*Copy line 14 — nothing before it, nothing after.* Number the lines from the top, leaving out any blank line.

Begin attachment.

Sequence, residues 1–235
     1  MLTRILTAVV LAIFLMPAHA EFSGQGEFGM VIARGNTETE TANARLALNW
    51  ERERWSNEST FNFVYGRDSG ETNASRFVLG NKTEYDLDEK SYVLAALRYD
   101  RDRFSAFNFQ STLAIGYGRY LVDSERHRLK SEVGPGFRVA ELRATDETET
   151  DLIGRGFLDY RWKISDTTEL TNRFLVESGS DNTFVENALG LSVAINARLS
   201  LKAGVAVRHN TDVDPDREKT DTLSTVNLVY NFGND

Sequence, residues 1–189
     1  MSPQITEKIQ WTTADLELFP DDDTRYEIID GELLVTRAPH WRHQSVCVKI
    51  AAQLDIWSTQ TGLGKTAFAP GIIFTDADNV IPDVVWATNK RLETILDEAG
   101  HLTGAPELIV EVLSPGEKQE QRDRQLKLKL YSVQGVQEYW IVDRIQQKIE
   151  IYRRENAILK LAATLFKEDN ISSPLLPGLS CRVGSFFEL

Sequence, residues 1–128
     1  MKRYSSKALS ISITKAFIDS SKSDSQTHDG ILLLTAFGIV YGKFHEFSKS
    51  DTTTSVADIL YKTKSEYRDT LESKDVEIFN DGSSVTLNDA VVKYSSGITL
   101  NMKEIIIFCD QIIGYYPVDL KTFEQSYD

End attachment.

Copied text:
    51  DTTTSVADIL YKTKSEYRDT LESKDVEIFN DGSSVTLNDA VVKYSSGITL